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Cynicism and the SWP

Bob Pitt

THAT THE 15 February demonstration against war on Iraq was a spectacular success goes without saying. Estimates varied from one million marchers to double that number, but with a protest that size exact figures are an impossibility. It was certainly the largest demonstration ever seen in Britain. All of which came as a welcome surprise, given that the main force within the Stop the War Coalition, the body responsible for organising the event, is the Socialist Workers Party.

The sole concern of SWP, as with all far left sects, is to increase its own size and influence, and to hell with the interests of the wider movement. Faced with the alternative of winning a campaign but without any significant recruitment to the SWP, or losing the campaign and gaining new members, the SWP would opt for the latter every time.

Yet these sectarians set about organising the 15 February demonstration with an almost faultless sense of tactics. The rally in Hyde Park did not, as you might have anticipated, feature a bunch of Trots wearing different hats – Lindsey German, in her capacity as convenor of the Stop the War Coalition, was the only SWP member on the platform – and the range of speakers was genuinely broad. Jesse Jackson, Mo Mowlam, Ken Livingstone, various trade union general secretaries, Ms Dynamite – even Lib Dem leader Charles Kennedy was persuaded to join in. Peace activists who were planning a sit-down protest in Piccadilly Circus at the end of the march were refused an advert on the Coalition website, on the eminently sensible grounds that this would put off potential marchers who were unconvinced of the merits of direct action. Everything, in short, was done to make the appeal of the demonstration as wide as possible.

On the face of it, all this seemed to directly contravene a basic principle of revolutionary politics, which I like to call Bob’s Law. A variant of Sod’s Law, this states: What the far left can get wrong, the far left will get wrong. However, it should be borne in mind that these are only laws of tendency. A piece of buttered bread, when dropped, will occasionally land with the buttered side up; once in a while the far left does get something right. But in the end the general tendency inevitably asserts itself.

And so it proved with the SWP. The following week’s Socialist Worker saw a predictable return to the familiar ground of ultra-left sectarianism. The editorial called on trade union leaders to "encourage and organise militant action" against the war, which would "go beyond the limits imposed by the anti-union laws". The prospect of trade union members responding to war with political strikes, at least in any significant numbers, is of course negligible. And if such action were to receive official support, the unions concerned would stand to have their funds sequestrated. Not a terribly bright idea, I would say.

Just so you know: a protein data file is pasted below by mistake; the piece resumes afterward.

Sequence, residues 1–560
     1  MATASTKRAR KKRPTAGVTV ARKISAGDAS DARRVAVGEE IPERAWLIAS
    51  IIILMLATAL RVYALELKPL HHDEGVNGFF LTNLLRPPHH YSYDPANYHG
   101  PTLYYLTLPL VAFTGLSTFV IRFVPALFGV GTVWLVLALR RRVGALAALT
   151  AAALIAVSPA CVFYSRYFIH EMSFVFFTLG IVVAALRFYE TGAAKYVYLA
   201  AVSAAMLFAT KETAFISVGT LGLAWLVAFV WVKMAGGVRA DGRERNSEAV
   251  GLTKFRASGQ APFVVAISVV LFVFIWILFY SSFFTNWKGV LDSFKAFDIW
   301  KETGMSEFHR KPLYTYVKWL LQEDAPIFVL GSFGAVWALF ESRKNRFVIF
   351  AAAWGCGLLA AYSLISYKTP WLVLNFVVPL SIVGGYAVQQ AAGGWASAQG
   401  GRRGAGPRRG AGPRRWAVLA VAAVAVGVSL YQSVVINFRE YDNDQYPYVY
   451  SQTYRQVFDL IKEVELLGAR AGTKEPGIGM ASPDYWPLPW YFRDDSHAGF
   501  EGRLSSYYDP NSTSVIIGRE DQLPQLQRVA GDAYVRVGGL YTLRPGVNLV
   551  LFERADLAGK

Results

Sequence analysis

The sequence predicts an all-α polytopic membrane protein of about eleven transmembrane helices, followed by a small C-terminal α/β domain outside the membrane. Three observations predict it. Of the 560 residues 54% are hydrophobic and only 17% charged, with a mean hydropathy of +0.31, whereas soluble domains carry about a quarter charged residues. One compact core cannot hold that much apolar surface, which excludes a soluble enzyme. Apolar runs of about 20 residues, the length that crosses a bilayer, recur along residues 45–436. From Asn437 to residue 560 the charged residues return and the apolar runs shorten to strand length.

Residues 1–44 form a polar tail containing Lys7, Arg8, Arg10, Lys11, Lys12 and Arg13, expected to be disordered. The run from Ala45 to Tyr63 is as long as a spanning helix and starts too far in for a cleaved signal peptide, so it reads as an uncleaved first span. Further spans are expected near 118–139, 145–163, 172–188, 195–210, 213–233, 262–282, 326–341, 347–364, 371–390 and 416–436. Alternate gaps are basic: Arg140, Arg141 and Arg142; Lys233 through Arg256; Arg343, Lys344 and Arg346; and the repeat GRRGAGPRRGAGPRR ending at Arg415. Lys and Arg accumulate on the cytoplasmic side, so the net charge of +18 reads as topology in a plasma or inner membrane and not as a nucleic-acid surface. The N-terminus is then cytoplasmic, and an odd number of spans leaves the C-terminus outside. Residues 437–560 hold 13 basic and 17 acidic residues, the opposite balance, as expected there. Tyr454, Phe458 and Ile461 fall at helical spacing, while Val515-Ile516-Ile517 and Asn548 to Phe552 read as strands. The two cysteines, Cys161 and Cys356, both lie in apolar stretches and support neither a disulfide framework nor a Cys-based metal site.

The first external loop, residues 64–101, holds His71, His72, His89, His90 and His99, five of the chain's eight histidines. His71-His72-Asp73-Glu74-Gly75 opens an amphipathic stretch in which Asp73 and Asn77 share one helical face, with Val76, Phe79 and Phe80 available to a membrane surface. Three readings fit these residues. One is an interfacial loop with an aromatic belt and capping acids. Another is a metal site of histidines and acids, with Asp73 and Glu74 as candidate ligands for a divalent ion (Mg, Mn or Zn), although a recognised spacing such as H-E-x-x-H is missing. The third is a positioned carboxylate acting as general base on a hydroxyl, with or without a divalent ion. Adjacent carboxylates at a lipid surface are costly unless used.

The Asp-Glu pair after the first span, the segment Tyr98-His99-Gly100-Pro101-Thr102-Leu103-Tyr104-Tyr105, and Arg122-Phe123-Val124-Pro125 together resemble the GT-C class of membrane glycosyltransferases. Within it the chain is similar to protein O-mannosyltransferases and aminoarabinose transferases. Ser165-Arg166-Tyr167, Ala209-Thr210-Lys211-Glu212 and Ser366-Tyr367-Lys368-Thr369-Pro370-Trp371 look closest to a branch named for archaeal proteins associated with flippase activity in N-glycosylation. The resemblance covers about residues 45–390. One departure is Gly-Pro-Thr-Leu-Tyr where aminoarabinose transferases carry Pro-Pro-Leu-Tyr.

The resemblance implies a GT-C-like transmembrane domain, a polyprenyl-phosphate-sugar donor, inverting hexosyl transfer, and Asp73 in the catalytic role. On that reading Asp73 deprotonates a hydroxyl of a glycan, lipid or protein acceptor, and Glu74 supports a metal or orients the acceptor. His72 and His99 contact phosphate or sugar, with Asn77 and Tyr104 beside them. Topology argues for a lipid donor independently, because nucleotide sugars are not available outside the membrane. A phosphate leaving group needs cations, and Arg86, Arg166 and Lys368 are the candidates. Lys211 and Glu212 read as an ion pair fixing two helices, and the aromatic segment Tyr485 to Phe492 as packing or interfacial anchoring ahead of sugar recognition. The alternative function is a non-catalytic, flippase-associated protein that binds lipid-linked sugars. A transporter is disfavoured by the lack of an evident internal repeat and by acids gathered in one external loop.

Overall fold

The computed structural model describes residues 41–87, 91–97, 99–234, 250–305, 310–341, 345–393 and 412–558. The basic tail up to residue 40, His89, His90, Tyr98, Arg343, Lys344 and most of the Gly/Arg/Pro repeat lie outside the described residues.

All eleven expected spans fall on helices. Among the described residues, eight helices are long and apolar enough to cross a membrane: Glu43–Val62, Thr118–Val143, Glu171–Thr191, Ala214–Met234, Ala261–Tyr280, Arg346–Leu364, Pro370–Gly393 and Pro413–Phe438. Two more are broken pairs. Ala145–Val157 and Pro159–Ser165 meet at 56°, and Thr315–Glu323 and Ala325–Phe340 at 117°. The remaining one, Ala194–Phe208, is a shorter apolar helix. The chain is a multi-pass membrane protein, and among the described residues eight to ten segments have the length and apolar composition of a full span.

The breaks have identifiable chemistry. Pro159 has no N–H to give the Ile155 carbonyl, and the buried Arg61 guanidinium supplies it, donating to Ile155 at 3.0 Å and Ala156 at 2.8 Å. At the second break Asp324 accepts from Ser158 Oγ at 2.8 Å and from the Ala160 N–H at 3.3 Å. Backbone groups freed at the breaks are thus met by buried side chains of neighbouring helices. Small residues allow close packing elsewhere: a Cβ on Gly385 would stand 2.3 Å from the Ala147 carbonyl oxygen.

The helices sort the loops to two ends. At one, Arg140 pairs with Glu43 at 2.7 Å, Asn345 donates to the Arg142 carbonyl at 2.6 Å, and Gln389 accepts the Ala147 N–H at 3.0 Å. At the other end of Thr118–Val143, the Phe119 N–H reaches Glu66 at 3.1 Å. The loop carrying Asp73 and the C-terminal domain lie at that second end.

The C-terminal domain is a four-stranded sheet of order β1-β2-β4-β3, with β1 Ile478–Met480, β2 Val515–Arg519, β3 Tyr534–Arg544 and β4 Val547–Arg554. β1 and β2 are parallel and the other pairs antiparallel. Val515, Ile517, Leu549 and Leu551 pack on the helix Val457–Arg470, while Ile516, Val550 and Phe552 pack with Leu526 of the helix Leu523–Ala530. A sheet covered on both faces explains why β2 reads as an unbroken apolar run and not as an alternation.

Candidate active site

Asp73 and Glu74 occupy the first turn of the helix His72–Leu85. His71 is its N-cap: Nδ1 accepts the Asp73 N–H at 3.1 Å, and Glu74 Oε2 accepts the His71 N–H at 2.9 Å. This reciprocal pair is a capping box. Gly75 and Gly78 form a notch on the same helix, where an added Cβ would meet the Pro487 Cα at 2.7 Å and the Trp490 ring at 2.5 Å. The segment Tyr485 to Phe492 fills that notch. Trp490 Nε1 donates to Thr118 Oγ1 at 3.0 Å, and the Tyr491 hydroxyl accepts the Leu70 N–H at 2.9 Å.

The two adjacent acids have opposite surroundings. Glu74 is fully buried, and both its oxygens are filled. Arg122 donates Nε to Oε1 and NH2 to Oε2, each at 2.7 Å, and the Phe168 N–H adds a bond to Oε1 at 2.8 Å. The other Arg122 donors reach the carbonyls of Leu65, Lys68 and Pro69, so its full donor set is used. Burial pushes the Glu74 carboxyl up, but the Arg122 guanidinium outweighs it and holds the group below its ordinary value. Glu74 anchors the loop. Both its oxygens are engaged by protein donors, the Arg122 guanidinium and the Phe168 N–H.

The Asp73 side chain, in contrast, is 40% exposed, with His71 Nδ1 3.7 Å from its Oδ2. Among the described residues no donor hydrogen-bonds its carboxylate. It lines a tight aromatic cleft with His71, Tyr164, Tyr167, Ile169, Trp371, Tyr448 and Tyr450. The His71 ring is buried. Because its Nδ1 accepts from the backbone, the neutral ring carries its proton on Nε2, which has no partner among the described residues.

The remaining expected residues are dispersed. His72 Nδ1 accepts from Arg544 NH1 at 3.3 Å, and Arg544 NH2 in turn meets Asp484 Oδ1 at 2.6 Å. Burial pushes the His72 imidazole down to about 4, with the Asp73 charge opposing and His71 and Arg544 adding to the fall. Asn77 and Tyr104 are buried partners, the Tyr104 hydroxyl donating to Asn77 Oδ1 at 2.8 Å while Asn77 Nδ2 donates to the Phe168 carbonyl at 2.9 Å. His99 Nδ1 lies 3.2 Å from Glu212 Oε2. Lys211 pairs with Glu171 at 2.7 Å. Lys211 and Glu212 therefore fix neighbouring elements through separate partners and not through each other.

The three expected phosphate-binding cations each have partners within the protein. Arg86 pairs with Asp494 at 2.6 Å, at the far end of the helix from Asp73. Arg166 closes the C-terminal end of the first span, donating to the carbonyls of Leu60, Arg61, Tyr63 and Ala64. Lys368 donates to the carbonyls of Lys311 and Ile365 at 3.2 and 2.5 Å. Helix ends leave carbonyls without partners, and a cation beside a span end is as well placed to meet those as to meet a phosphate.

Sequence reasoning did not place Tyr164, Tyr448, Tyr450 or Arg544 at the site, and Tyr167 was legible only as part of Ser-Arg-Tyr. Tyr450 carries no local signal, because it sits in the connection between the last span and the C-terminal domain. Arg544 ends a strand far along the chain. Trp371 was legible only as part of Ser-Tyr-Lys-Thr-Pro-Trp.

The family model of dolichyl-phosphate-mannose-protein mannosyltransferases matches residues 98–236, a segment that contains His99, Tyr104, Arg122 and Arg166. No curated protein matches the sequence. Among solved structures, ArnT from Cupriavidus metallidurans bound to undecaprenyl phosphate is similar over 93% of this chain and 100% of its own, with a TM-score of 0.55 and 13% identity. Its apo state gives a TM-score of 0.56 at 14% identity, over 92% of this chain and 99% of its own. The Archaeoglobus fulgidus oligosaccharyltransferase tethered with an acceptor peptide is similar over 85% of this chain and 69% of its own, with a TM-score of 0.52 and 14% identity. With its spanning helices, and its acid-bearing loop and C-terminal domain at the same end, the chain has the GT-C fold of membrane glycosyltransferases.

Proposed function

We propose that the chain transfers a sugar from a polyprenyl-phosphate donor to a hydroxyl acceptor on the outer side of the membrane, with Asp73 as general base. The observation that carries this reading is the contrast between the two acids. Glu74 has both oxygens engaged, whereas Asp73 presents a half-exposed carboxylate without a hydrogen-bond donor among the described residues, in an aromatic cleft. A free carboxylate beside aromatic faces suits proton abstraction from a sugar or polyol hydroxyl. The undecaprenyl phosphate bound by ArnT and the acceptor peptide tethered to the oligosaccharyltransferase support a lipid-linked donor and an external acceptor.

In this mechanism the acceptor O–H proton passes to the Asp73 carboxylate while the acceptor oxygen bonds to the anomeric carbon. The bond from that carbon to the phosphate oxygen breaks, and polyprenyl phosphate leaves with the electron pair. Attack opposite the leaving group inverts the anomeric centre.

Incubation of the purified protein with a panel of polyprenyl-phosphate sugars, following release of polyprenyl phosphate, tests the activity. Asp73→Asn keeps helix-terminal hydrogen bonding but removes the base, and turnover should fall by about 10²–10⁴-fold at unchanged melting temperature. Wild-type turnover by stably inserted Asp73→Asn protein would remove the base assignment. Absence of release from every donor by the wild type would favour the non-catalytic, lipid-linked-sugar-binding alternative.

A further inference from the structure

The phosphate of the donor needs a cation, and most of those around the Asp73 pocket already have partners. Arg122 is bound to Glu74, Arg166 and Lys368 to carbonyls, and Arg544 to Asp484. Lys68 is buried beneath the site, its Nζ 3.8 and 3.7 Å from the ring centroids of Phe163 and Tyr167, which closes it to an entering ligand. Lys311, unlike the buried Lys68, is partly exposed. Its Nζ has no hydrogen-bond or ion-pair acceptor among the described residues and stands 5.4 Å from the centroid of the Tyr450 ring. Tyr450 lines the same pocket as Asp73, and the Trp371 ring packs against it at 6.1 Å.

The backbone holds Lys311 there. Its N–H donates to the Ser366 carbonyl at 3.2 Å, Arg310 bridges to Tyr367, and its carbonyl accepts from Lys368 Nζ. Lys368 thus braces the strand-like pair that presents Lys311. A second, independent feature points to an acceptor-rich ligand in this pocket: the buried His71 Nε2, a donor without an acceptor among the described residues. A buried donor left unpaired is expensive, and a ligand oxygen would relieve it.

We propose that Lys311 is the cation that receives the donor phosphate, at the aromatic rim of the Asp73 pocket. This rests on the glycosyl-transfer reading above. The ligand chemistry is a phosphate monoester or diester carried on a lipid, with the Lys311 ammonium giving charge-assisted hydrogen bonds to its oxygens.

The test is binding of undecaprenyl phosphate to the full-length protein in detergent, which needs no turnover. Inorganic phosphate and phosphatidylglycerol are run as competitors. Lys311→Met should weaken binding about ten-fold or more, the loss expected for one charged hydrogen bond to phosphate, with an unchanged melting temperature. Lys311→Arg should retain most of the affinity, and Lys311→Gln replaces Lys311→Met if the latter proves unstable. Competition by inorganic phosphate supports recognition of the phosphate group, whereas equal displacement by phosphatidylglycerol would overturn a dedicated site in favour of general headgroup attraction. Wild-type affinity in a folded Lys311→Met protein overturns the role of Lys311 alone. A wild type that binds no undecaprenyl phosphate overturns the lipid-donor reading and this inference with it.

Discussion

The front page of the paper carried the slogan "Drive Blair Out!" Personally, I think calls for the Labour leader’s resignation are politically premature. However, if Blair is to be "driven out", it is difficult to see how that can be done without a campaign inside the Labour Party.

But Socialist Worker did not call on the trade unions to use their weight within the party to take up a struggle against Blair and his war policy. On the contrary, it proposed that they should break from Labour: "The trade union leaders should cut off all funds to the Labour Party, and withdraw all resources for the forthcoming elections."

There was no suggestion that the hundreds of thousands of ordinary people who protested on 15 February should put pressure on Labour MPs in order to encourage a rebellion against Blair within the Parliamentary Labour Party. On the contrary, an article by Kevin Ovenden specifically opposed this course of action, arguing that "parliamentary procedures will not stop this war.... Every radical change in Britain ... has come through extra-parliamentary action or the impending threat of it". According to Ovenden’s reasoning, a revolt in the PLP would be irrelevant, but Blair can be removed by students occupying their colleges and sit-down protestors blocking traffic in city centres.

As Stop the War convenor Lindsey German told the 15 February rally: "In London we’re going to occupy the whole Whitehall area of government, so they won’t be able to get their ministry cars through." Of course, the peace movement has a long tradition of such forms of direct action, but these are conducted in a self-disciplined manner, with police aggression being met by non-violent resistance. However, if the SWP tries to block the streets of central London by mobilising people who have no background in the peace movement, and who in some cases will be involved with the various anarchist groups that participated in the J18 and May Day riots, this is recipe for violent confrontations with the police and the consequent discrediting of the anti-war movement among the general public.

Trying to be charitable, you might explain the contrast between the serious way in which the SWP organised for 15 February, and the way it took leave of its senses immediately afterwards, on the basis that its leaders had simply become disoriented by their own success. But there is more to it than that. The SWP clearly knows how to build a broad and effective campaign, but in order to raise its profile as "the revolutionary party" and facilitate recruitment to its own ranks it abandons those methods in favour of an ultra-leftist approach that undermines the anti-war movement. It is an exercise in political cynicism.